At one time the Great Northern Highway used to pass through Mundiwindi.
Mundiwindi is 1149 kilometres (714 miles) from Perth between Meekatharra and Nullagine. It is 124km east of Newman. Nowadays the highway goes near the township of Newman instead. There was a telegraph station there, and it later became known as a "Telecom station". This closed down in March 1977.
In 1913, a number of names were put forward for the site and these were narrowed down. Among the final recommendations (apart from Mundiwindi) were "Nulpeak" and "Mungera". One government official noted that: "For some reason these names [Mundiwindi and Mungera] do not appear on present lithos, but are on an old plan 18G & were named I think by J. H. Rowe." NAA
Samuel Ferguson (1884-) a senior lineman was appointed as officer in charge of Mundiwindi in 1915. Shortly afterwards, he was joined by another lineman, Bernard Rimnicker. Goodbye Mundiwindi, quoting George Hymus. Note: A Bernard Rimnicker was listed at the Palace Hotel, Peak Hill with an occupation of publican on the 1912 Commonwealth Electoral Roll.
"The vital role of Mundiwindi can be further appreciated when it is realised that in those days, the route for the overseas telegraph line passed through Meekatharra, Mundiwindi and Marble Bar, linking the submarine cable which entered the ocean at Broome en route to Banjorwangie, in Java, and from there to other countries throughout the world". Goodbye Mundiwindi, quoting George Hymus.
Mundiwindi provided the communications link between the Woomera Rocket Range and Talgarno, which was established in the target area for testing Blue Streak missiles. Goodbye Mundiwindi, quoting George Hymus.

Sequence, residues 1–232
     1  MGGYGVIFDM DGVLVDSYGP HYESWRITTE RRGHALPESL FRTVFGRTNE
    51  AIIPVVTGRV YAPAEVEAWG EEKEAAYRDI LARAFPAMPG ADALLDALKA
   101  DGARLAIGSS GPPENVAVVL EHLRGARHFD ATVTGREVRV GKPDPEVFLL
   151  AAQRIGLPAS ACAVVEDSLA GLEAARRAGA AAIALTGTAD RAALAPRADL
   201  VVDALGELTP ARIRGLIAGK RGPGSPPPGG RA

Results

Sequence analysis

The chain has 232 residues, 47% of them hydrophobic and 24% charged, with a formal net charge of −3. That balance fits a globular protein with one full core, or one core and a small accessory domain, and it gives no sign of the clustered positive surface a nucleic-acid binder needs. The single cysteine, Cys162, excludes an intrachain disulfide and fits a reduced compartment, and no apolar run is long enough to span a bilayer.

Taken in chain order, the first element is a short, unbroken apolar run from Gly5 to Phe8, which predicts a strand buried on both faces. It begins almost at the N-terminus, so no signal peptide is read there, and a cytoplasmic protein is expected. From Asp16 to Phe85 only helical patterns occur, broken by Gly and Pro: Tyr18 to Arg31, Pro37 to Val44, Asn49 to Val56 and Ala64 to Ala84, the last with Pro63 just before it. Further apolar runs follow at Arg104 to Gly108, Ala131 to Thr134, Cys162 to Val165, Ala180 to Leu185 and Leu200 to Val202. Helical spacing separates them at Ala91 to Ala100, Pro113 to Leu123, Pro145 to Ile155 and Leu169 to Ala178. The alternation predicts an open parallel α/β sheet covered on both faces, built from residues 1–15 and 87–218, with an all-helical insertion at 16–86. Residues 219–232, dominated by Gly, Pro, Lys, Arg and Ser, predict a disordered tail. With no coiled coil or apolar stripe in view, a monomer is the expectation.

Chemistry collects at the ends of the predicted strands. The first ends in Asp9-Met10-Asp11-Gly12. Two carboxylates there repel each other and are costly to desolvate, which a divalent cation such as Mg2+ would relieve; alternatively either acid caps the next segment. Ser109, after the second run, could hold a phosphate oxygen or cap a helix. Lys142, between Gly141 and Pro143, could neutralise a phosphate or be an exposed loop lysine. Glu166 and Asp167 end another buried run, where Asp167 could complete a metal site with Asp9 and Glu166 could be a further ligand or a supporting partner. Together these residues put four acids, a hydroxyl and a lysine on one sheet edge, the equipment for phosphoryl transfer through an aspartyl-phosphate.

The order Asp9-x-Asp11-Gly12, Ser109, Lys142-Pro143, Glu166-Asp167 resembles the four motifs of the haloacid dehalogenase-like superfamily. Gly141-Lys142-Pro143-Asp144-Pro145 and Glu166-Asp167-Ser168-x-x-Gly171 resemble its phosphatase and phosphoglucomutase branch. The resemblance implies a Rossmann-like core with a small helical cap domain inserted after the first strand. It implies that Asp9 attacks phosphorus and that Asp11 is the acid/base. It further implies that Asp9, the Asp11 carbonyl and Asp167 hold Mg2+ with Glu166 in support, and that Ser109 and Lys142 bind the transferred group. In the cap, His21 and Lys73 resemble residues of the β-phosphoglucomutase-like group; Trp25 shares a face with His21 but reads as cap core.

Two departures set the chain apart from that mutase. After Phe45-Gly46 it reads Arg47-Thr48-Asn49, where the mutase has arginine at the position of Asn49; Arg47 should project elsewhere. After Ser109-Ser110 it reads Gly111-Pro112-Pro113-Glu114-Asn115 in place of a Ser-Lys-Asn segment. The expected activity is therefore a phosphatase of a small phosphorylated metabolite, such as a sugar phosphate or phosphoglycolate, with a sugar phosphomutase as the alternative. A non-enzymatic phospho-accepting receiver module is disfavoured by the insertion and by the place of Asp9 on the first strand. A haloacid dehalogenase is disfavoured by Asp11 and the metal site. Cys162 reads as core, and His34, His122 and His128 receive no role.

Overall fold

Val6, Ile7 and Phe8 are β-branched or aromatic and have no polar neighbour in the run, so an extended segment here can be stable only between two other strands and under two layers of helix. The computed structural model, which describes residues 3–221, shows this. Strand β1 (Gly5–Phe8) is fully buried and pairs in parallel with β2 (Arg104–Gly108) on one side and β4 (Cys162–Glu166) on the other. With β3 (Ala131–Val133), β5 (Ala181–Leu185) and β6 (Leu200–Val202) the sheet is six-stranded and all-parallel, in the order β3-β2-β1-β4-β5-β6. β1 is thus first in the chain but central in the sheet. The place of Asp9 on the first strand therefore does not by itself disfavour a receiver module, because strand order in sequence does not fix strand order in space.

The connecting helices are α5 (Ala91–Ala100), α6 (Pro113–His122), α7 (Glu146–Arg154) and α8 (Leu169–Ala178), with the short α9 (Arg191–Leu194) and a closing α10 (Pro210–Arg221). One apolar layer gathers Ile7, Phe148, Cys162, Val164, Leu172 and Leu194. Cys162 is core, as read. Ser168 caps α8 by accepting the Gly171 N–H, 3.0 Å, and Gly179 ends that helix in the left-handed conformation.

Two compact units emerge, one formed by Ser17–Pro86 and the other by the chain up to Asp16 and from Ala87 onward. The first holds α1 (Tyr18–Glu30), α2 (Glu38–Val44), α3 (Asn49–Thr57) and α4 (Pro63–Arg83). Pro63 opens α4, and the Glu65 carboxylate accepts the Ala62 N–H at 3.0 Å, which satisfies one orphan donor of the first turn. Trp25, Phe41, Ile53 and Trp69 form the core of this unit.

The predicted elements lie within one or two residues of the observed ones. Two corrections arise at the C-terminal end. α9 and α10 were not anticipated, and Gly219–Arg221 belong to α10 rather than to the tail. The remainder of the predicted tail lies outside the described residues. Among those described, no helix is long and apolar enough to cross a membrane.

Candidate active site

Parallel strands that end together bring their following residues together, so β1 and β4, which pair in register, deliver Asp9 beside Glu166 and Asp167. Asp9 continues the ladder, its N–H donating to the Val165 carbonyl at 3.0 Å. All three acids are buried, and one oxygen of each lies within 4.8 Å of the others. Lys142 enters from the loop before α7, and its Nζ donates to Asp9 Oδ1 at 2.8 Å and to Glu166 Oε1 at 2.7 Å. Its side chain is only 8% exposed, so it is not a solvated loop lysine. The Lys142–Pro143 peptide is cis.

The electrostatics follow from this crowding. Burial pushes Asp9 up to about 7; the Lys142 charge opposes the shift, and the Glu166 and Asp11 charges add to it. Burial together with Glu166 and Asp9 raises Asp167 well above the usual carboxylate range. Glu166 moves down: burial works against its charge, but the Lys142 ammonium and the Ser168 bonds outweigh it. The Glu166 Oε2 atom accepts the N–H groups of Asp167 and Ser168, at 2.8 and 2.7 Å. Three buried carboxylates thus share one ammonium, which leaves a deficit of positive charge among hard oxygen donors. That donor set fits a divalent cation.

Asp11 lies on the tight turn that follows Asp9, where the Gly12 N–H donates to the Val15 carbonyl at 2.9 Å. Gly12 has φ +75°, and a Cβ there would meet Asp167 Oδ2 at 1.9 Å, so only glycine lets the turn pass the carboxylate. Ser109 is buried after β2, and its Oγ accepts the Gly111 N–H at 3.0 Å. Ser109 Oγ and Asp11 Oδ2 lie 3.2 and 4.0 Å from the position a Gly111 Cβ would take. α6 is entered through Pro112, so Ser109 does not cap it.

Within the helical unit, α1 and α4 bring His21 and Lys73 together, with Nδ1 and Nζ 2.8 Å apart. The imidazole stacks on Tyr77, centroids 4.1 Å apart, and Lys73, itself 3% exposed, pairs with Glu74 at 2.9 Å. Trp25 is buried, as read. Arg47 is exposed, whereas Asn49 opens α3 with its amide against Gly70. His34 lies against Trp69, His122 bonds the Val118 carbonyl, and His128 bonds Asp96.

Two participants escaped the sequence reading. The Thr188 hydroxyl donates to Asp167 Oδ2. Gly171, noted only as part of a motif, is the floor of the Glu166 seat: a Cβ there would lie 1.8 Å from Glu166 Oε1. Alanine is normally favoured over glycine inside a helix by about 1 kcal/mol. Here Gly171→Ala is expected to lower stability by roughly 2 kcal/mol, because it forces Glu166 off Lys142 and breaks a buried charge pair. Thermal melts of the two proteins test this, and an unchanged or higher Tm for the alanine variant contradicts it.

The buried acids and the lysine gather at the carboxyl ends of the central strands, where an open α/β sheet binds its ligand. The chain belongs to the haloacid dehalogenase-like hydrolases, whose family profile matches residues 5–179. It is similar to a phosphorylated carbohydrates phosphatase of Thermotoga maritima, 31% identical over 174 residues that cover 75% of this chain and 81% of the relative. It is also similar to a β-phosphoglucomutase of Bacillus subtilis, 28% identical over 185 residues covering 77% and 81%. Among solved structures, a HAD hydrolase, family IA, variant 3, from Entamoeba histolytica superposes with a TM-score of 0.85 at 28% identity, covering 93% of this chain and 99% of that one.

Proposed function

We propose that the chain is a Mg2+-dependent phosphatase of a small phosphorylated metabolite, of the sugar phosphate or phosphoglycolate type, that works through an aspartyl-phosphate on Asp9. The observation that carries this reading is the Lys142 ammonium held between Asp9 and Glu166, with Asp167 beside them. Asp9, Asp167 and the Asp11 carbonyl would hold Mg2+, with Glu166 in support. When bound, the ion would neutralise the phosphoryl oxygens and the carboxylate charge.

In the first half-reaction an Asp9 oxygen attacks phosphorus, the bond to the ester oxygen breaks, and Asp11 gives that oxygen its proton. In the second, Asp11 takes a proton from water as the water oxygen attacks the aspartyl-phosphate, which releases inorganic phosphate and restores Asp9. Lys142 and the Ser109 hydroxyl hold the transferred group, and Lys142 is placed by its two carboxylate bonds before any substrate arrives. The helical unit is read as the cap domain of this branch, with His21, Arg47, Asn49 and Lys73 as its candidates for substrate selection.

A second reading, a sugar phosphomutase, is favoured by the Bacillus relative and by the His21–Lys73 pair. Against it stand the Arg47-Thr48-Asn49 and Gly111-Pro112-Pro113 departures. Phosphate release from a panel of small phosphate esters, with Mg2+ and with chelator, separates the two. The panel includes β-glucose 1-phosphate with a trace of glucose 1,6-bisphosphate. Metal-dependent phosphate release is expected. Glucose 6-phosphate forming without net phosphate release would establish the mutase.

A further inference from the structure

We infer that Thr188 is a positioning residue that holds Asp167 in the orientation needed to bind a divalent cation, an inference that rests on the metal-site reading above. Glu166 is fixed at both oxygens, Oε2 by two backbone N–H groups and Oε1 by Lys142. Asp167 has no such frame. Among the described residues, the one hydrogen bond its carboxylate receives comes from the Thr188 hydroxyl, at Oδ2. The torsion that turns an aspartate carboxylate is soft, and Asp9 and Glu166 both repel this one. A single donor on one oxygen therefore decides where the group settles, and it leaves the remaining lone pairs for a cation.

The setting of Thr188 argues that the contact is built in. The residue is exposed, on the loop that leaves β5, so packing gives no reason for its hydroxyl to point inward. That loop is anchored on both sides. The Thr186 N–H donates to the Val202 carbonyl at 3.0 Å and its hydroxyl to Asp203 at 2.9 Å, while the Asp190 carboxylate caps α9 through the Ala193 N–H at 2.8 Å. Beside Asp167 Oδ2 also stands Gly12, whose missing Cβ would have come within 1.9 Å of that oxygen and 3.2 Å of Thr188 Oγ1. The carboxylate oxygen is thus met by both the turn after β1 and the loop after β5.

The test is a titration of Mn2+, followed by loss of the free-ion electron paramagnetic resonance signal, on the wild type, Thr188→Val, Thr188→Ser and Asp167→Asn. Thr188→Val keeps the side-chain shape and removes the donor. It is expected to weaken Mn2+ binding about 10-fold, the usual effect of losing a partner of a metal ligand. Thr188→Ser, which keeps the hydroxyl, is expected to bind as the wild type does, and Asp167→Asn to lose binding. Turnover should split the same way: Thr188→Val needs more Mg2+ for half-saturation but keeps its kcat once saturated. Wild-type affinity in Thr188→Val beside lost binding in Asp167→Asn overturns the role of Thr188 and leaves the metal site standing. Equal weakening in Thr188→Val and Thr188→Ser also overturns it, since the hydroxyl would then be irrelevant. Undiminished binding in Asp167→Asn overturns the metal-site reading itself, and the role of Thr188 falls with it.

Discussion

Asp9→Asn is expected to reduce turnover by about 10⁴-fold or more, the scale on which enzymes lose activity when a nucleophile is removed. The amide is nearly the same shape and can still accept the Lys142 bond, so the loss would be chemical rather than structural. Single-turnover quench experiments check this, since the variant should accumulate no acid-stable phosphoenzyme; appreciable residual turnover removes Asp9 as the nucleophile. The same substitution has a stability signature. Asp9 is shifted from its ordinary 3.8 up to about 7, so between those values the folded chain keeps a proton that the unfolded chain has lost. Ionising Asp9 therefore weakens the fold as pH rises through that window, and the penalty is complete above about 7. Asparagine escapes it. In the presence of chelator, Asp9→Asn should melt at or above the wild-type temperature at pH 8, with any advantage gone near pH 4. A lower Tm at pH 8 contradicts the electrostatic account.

There was confusion in Perth over the location of Mundiwindi. In 1923 the PMG's Senior Inspector sent a telegram to the Postmaster at Mundiwindi requesting "At what mile post is your telegraph station" and "how far from the stock route". This was important because the PMG was applying to the WA government for a lease for a camel paddock of 500 acres or 1000 acres. The state government did not want the paddock to impede drovers on the stock route. NAA
Originally the communication was by means of a single wire earth return circuit. In 1959 a project was commenced to upgrade the single wire to a 12 channel open wire repeater system. Goodbye Mundiwindi, quoting George Hymus.
The water supply at the original Mundiwindi site was poor. A new site seven miles to the north was selected, buildings erected and handed over to Telecom in February 1962. "However thanks to a bag of lawn seeds, manure, plants and various species, an abundance of good quality water and plenty of hard work by original staff members such as Fred Atkins, Kingsley Cant, and Bill Wright, the PMG village soon became know as the 'Oasis in the Desert'." Fruit trees (bananas, pawpaws, oranges and lemons) and various types of vegetables flourished. Goodbye Mundiwindi, quoting George Hymus.
"At the time  the complete population of Mundiwindi comprised the Guthrie family [Tom, a Senior Technician, and his wife, and their children, Stephen, Sharon, Tommy and David], District Line Officer Fred Atkins and his wife, who was the Postmistress and Lineman Bill Wright and his wife and sixteen month old daughter, Michelle. Mr and Mrs Atkins had been three years at the old Mundiwindi Station which is about seven miles south, and three years at the present site." APO Magazine
In 1964 the only buildings were three Post Office, an engine room, a trunkline equipment building, a pump house (good quality water came from a bore) and a line depot. APO Magazine
My grandmother, Rosaline Braine visited Mundiwindi in June 1939 and acquired a hand written fruit cake recipe.
Anon. (1965) "Learning By Radio At Mundiwindi" found in APO Magazine Page 13 February-March edition.
Anon. (1977) "Goodbye Mundiwindi" found in The Institute Vol 1 No 7 Australia Post
National Archives of Australia: PP212/1, 0/31/373